Friday, August 10, 2012

In California, the parties pretty much got what they wanted

California's new top-two primary supposedly opened up the nomination contests to greater competition. The parties tried to stem some of this competition by offering pre-primary endorsements, sending a message to their loyal supporters about which candidates they preferred to represent their party. How did the parties do? Eric McGhee runs the numbers:
All incumbents who ran this year advanced to the fall campaign, and all but four finished in first place. Likewise, 101 of 113 non-incumbent candidates endorsed by the major parties advanced.
Now, it's probably wrong to say that the party endorsements caused all these candidates to win. In many cases, the party was probably picking people they thought likely to win. Nonetheless, 101 out of 113 is a pretty impressive record for open seats. I don't know if anyone has compiled records of this sort of thing, but I'd guess that this record is on par with party machine success rates in anointing candidates in conventions in the days before direct primaries.


  1. The California major parties are competing with a state monopoly on nominations. Were they really trying to "stem" competition or just expressing themselves as a group?

    In the French version of top-two, citizens have the right to express themselves on the ballot without heavy state controls like the "party preference" legal concept. Could this be a reason why there are more than two parties in their National Assembly?

  2. Krist, as I see it, by issuing endorsements prior to the primary, the major parties in California were trying to communicate with the voters out there who identify with them and tell them who they felt the true Democrat/Republican was. Closed primaries can be confusing enough with multiple candidates, but when you have maybe a dozen candidates from multiple parties in there, it's easy to lose your supporters.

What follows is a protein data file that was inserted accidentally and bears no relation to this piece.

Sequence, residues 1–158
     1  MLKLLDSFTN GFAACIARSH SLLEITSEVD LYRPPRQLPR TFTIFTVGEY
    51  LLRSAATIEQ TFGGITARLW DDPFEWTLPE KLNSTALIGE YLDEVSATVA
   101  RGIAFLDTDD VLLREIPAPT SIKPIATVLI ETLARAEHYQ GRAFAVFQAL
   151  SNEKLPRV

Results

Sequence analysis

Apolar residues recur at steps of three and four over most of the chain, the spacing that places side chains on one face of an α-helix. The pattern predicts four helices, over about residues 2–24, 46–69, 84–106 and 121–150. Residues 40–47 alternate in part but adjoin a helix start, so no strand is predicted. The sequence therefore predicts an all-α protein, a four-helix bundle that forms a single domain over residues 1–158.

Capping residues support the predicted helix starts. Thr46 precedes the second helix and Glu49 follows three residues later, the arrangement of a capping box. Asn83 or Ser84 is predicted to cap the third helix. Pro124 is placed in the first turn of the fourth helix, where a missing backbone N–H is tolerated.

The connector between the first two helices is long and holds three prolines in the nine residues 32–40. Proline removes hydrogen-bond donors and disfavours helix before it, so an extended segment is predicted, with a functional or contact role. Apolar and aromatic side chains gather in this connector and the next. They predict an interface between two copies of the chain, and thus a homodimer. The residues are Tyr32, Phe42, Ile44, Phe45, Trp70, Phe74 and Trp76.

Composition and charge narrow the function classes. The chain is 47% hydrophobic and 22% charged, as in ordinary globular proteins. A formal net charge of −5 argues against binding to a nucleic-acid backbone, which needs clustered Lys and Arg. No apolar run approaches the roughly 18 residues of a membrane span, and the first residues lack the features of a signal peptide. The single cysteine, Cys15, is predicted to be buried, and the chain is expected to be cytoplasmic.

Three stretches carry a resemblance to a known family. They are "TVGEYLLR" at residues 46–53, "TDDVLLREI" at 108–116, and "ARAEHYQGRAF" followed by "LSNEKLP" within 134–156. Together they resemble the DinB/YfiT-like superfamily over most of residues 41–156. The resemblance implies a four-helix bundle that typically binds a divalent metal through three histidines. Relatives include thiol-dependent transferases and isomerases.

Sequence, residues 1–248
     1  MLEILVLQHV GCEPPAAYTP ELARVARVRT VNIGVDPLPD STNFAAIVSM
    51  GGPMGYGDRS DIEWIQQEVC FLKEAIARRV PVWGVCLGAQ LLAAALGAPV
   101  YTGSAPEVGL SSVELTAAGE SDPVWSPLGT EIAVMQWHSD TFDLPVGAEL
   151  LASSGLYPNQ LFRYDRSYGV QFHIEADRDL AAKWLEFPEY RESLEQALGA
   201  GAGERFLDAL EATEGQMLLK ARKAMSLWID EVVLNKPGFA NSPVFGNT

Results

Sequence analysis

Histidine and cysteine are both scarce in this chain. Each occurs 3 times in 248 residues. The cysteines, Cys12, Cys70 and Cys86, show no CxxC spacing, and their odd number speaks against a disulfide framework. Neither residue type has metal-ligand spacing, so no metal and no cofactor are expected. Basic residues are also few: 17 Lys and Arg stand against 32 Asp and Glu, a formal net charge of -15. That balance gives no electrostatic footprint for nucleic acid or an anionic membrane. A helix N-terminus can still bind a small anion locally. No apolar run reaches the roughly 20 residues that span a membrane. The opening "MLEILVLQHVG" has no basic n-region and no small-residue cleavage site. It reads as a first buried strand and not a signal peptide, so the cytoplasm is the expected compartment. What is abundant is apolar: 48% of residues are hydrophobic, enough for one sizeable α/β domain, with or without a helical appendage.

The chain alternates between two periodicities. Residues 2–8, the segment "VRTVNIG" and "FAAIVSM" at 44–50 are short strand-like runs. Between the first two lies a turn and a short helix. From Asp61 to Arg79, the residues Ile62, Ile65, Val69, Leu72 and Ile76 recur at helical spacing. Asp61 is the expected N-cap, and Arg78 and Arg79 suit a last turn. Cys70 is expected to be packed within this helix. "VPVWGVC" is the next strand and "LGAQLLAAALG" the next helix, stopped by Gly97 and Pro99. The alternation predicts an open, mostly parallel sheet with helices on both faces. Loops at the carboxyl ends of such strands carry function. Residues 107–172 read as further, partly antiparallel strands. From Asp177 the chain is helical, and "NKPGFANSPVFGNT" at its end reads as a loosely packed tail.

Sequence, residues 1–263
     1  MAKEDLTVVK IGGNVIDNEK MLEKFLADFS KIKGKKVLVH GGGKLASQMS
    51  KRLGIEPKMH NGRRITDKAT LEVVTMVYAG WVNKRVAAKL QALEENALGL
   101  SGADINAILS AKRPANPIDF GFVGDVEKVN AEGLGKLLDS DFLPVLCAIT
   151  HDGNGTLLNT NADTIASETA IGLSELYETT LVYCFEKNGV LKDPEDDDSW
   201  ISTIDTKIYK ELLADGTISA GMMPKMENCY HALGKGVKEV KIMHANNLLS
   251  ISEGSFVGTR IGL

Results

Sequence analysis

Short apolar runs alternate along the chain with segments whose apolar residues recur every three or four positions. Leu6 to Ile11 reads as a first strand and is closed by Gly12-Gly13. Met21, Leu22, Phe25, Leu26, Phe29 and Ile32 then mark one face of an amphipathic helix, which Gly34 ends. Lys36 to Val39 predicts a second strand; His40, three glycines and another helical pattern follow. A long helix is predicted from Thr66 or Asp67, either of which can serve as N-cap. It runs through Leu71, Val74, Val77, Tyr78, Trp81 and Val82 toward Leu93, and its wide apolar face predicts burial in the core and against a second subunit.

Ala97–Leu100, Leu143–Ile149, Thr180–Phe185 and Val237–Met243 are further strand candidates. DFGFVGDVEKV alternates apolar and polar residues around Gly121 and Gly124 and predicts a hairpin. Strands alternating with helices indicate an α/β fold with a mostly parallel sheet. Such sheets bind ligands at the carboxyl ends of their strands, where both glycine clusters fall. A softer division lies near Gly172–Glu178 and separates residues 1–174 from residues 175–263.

As for the French system, I believe your understanding is correct. My co-blogger Hans Noel points out to me that Maurice Duverger specifically mentioned France's system when developing his ideas about how electoral system design can lead to multi-partisanship. Duverger claimed that a combination of their top-two elections and proportional representation (which they abandoned in the 50s) led to multiple parties, although still a basic left-right coalitional structure.

    Even though they no longer have PR, the top-two system probably still enables some third parties. I suppose it's possible that the same thing may eventually happen in California, but given that California operates within a national context that is very much a two-party system, I don't expect much to change in that regard.

  3. CD 31, though, tells me that the parties got pretty much got what they wanted, but that it wasn't necessarily because of their efforts. If CA Dems had thought about it, once Miller went for CD 31 they should have realized that he was an automatic top-two placer, and that they needed to thin the field and do some GOTV to get the 2nd ticket out of there.

    Parties can get what they want without actually doing anything.

  4. Yeah, the CD31 episode was a significant screwup for the Dems. To me, that says that they can still get what they want, but it often takes some effort, and this was a situation where they lost a House seat by failing to coordinate on someone early on.

  5. I don't know if anyone has compiled records of this sort of thing.